Lo Mejor del Zarandeado: Nayarit-Style Fish Bliss At Anaheim's Mariscos Los Primos

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Dave Lieberman

State College Boulevard in Anaheim has hosted something like a dozen Mexican seafood restaurants in the five years since I moved here. They all claim to be Sinaloa- or Nayarit-style restaurants, because those are the Pacific coast states with the strongest seafood traditions, but with the exception of Mariscos Licenciado #2, most of them have been mediocre places to eat syrupy sweet coctel de camarón estilo Albertsons and Van de Kamp's al mojo de ajo.

It's with that jaded eye, made blasé by stale tostada after stale tostada, that I went to Mariscos Los Primos, located approximately in my backyard, expecting not much at all. After all, that restaurant seems cursed. It's been a quinceañera hall, a dance club (until the residents complained), and a de facto men-only cantina with a misleading sign intimating it was family dining.

We sat down and ordered a round of micheladas and the specialty of the house, pescado zarandeado. This is a whole fish--in this case, robalo, or snook, sourced from the sweet waters of Mexico's Pacific coast, butterflied, rubbed with mayonnaise and soy sauce, placed in an iron cage, and grilled slowly over an open fire. It's a popular beach food from Sonora all the way to Nayarit, and our server smiled when we ordered it. She told us it takes thirty minutes to prepare, so we ordered a set of appetizers to while away the preparation time (and the beer).

Tostadas de jaiva, the first to come out, were strange threads of colored pollock, like fish spaghetti, with avocado and pico de gallo. Liberal application of Salsa Huichol and lime helped it along, but in general, these were a miss.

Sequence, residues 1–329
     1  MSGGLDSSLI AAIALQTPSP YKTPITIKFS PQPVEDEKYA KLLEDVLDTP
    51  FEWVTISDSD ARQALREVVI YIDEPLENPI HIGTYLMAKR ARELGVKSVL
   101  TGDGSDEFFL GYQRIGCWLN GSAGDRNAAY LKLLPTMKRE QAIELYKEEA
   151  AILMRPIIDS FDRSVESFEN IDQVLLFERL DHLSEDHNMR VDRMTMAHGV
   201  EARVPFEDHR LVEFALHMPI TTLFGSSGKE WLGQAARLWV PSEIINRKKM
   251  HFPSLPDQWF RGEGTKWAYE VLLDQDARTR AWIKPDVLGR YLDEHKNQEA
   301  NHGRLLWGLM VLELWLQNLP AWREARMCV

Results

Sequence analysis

Botana de camarón cocido is the Mexican equivalent of Las Vegas buffet shrimp, except you don't have to peel them; the same small shrimp, boiled and served cold, with tomatoes, cucumbers, lime juice, and an amazing, piquant salsa de chile serrano. It was the perfect texture for the shrimp; you could dunk the shrimp and season it with the tart liquid, or you could drag the shrimp through it and set your mouth on fire with chile sludge.

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Dave Lieberman
Aguachile was the best choice; small, raw white shrimp bathed in a ceviche-like sauce of chiles and lime juice, with cubes of onion and cucumber. I'd love to see this dish with the enormous white shrimp from the Sea of Cortez, and I'd love to see it in the sauce used for the camarón cocido.

We finished the appetizers and ordered another round of Victorias; my daughter complained of being cold after they switched on the industrial-strength air conditioner. When I went outside to get her a blanket from the car, the unmistakable odor of wood fire hung in the air, mixed with the scent of fish grilling. Was that--yes, it was--that's our fish!



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